When Rite Aid (RAD) stepped up to help distribute coronavirus vaccines as part of the nationwide rollout, the demand was overwhelming.
“We never thought we would get inundated with people trying to get a vaccine,” Rite Aid CEO Heyward Donigan said in a discussion panel moderated by Yahoo Finance Editor in Chief Andy Serwer as part of the Milken Institute’s Future of Health Summit. The panel also featured Medtronic (MDT) CEO Geoff Martha and Labcorp (LH) CEO Adam Schechter.
"There was no battle for turf” between the different drugstore chains like CVS (CVS), Walgreens (WBA), and Rite Aid, Donigan added. “It was just all-hands-on-deck with the labs and anybody else that you could get to help you because at this point, you're not trying to save the company, you're trying to save the world.”
According to Donigan, one of the biggest challenges Rite Aid faced in meeting the unprecedented demand for the COVID-19 vaccine was creating an appointment scheduling platform. It was especially difficult for certain jurisdictions like Pennsylvania, which did not have scheduling tools for vaccines.
Prior to the coronavirus pandemic, patients could walk in to receive vaccines for shingles or pneumonia, or get a flu or strep test. However, this all changed over the past year and a half when Rite Aid realized the need for an effective scheduling system that allows patients to book their own appointments.
“We developed, in partnership with many of these different jurisdictions, our own scheduling tool, and that was pretty intense,” Donigan said. “You wouldn't think it would be that intense, but it actually has taken us many months to get this tool up and running in a way that is really user-friendly.”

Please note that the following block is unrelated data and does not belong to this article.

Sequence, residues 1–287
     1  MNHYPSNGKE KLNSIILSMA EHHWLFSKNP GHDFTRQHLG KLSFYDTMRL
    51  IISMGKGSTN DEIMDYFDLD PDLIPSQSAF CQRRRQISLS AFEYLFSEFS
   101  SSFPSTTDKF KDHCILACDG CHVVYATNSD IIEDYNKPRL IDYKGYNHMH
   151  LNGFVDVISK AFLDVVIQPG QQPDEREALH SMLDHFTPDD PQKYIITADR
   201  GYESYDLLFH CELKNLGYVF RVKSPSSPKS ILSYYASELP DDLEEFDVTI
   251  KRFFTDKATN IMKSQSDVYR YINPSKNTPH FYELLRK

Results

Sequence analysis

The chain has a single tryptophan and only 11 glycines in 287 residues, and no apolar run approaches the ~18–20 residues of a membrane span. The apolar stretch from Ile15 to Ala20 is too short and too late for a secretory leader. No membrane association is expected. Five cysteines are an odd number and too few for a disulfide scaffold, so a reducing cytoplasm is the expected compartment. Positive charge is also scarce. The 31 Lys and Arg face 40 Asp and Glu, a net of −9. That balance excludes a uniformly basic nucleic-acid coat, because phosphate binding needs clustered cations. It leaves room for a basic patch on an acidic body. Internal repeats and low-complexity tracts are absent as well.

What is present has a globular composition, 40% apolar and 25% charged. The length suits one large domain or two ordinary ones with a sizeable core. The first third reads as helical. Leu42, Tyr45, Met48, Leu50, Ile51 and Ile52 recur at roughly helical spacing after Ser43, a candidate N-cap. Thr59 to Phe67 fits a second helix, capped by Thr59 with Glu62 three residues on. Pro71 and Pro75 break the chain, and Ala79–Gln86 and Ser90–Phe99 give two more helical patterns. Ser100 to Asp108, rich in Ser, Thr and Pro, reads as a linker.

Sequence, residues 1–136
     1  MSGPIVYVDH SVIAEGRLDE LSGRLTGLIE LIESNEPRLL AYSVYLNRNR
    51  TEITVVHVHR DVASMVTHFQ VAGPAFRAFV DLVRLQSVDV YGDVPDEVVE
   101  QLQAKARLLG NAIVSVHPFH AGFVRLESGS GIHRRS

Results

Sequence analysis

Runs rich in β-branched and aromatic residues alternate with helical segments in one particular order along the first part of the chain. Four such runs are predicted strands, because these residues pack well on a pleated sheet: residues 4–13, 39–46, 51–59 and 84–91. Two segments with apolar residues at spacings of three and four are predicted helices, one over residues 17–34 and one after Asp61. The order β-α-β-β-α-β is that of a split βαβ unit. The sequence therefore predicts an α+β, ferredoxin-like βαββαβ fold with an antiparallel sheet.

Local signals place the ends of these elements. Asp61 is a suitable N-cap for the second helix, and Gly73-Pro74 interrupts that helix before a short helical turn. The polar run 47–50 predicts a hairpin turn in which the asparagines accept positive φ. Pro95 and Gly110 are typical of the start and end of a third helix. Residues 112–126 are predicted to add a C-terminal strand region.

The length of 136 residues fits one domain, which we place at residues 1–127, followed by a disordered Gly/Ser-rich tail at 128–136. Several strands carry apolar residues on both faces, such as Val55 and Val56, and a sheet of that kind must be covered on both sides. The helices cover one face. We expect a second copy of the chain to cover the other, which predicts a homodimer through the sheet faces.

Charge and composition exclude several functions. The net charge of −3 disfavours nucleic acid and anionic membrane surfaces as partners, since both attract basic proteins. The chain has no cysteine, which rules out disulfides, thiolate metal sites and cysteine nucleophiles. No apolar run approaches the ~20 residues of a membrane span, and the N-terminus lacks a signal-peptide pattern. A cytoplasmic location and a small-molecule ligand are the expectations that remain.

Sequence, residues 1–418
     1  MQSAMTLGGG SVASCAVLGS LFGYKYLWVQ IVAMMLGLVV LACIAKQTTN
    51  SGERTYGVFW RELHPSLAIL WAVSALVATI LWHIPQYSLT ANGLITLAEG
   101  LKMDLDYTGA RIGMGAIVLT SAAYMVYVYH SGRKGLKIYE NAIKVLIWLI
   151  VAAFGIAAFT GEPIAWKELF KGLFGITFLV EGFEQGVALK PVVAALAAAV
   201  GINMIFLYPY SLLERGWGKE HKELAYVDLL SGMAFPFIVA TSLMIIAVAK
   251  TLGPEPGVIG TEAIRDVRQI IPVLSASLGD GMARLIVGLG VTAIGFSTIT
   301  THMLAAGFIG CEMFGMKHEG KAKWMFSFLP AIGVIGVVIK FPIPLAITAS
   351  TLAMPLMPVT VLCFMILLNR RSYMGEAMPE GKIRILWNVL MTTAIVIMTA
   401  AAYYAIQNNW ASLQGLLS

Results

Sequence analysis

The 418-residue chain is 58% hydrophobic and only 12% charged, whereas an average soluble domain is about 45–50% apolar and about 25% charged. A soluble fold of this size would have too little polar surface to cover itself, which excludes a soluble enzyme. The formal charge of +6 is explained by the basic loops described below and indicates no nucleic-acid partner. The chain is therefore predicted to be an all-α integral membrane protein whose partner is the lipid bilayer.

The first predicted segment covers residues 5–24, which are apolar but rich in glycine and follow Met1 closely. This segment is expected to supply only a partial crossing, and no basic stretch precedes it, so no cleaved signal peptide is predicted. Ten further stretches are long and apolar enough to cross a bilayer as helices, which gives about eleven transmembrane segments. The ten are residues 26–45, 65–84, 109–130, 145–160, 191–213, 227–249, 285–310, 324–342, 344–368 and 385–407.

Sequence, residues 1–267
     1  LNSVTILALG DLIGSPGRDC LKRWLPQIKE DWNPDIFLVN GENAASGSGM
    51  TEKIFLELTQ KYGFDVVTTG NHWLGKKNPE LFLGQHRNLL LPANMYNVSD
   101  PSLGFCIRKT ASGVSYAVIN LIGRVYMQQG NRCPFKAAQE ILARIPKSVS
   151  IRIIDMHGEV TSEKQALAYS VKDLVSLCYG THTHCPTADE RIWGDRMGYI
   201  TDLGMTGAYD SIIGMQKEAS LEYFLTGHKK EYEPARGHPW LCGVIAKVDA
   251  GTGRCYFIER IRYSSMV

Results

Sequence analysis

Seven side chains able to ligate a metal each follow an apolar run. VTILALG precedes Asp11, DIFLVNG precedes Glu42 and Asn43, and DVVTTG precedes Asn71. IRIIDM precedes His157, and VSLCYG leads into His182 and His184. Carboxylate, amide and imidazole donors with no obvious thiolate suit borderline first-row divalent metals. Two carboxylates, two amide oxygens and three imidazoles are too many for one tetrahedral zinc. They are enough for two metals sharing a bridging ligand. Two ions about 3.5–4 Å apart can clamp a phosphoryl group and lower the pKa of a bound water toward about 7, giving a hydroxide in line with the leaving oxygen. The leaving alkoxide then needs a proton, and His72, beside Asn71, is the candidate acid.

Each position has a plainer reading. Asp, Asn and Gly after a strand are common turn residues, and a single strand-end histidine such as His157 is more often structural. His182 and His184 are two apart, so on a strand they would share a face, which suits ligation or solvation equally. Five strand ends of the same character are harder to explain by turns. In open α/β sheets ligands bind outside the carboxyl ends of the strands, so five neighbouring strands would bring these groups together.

Adapting to the pandemic
Even before the onset of the pandemic, Donigan said that Rite Aid already placed a “significant emphasis” on incorporating digital technology into the customer experience. She cited Rite Aid’s mobile app, new website, and new digital experiences for its pharmacy benefit management (PBM) business, in which Rite Aid serves as a Medicare Part D insurance company that covers prescriptions for seniors.
And in addition to its pharmacy business and PBM company, Rite Aid also has a significant amount of front-end retail business. She stated that the pandemic pushed the company towards improving their e-commerce fulfillment capabilities, an area in which they were lagging behind prior to the pandemic.
“Our digital capabilities were accelerated significantly during the pandemic,” Donigan said. “We're actually pretty fortunate in that we were able to respond as quickly and take advantage of these 180% growth rates that many [retailers] saw in the digital space.”
The pandemic also forced Rite Aid to shift its clinic staff to be able to fulfill telehealth consultation roles in a very short time frame, Donigan said. She emphasized Rite Aid’s pharmacists roles as being the main facilitators between patients and health systems.
Although Rite Aid is incorporating telehealth in its in-store consultation and new virtual care rooms, Donigan noted that telehealth will not become a main component of the drugstore chain’s business.
“Going forward, we're focused exclusively on our pharmacy,” Donigan said. “And so we are in the process of considering a launch of a teleRX business where [patients can] do telepharmacy consults with a provider who can then prescribe a prescription that can get filled in our stores.”
Donigan also emphasized that Rite Aid was not acquired by Walgreens, and still remains an independent, publicly-traded organization. However, she stated that the company did sell some stores to Walgreens, which is reflected in Rite Aid’s $25 billion projected annual revenue this year.